Self

Why You Shouldn't Hold Onto A Friendship Just Because Of Nostalgia

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By Larissa Martin

When we are growing up and going through different stages of our lives, we meet friends along the way. What’s more, we think that we are going to be friends with each person forever!

Sometimes that is the case, but sometimes you hold onto friendship for memory’s sake and the comfort of it being something familiar.

It’s important we distinguish between nostalgia and true friendship, though, and understand when growth is still possible.

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If you’re like me, you’re the type of person who is loyal to a fault. In other words, you hold onto friendships long after you should.

For example, I have been friends with one person for 16 years. We met in high school and they have helped me through so much over the years. However, my closest friends don’t understand why I am still friends with this person because she hasn’t been the friend I have been to her in the past.

Then, I realized why I was holding onto them for nostalgic reasons. They make me feel comfortable. That’s when I knew things needed to change in some way.

I then finally hit my breaking point. After I’d said what I wanted to say to this friend, we’d either grow in our friendship or it’d be over for good.

We were texting each other one day; I had reminded them to share a piece I had written because they had agreed to do it and had asked me to remind them. Hours later I did remind them, and the text I got back was one I hadn't gotten for years: “Larissa, I am busy. I can’t do it right now.”

In years past, I would have just let it go. Not this time. I let it all out for the first time in 16 years.

I let my feelings be known to this friend, unsure of what their response would be, not knowing if our friendship would be over after I let my feelings out the way I did.

However, I got a reply I didn’t expect: “You’re right. I will try to be fair. Thank you for being so communicative.” What followed was a hard and honest conversation.

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After that day, it’s been a work in progress. We are both willing to grow and learn and be supportive of each other’s lives now and not live in the past. Now, we have room to grow.

I think as a society, we hold onto friendships that are good, bad, or toxic, whether we realize it or not.

They make us remember a certain time in our lives when things were better for us in certain ways. The harsh reality is that people change and we outgrow friendships.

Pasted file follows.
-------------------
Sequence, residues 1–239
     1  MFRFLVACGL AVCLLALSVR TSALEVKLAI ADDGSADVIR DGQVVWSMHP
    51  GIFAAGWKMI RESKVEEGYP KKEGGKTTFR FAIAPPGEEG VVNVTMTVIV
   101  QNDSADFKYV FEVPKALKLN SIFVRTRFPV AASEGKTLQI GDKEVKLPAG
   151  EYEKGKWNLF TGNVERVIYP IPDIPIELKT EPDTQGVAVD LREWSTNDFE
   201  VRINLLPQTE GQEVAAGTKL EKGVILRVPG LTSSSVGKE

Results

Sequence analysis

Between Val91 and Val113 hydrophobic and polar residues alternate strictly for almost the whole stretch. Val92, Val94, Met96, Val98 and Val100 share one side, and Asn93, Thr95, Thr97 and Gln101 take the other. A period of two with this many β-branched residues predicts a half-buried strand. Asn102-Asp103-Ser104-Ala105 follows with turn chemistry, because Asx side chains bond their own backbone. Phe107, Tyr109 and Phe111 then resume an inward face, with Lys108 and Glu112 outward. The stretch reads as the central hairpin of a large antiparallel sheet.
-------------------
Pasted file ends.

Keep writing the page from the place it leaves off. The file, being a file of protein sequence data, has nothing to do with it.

I recommend really sitting down and looking at your circle of friends, big or small. Whether it’s 15 years or 5 months of friendship, you need to ask yourself, “Am I keeping this friendship out of nostalgia just because it makes me comfortable, or is there actually room to grow in some of these friendships?”

You should reflect on how they treat you as their friend as well as how they treat others. After all, they may be a fantastic friend to you but not the best person to other people, which might not be good enough for you.

Way too often we make excuses for the behaviors of long-time friends. They’ve been in our lives for so long so we just accept that’s who they are and deal with it.

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Think of it this way, though: if you saw that being done to one of your friends, you would say that wasn’t okay. They don’t deserve to have a friend like that, but it’s okay for you?

That doesn’t make sense. Yet, you keep that friendship because of fear of losing that nostalgic feeling you have within it.

These aren’t necessarily a lost cause, though. If these long-term friendships are really that important to you and you think there is room to grow, then you have to be willing to have the hard, honest conversation about what must change.

You then have to see if they are willing to work on the issues together. If they are, then there is room to grow within the friendship. If neither of you is willing to talk or listen and work out your problems, then it’s time to let this friendship go.

As a society, if we didn’t hold onto nostalgic friendships just because of history, we would be more willing to have hard conversations or exit friendships that we have outgrown.

It’s certainly not an easy task, but the first step is to reflect on how you’ve grown individually and how your friendships align with that.

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Larissa Martin is a writer whose work has been featured on MSN, Yahoo Lifestyle, Thrive Global, Unwritten, YourTango, and The Mighty.

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This article was originally published at Unwritten. Reprinted with permission from the author.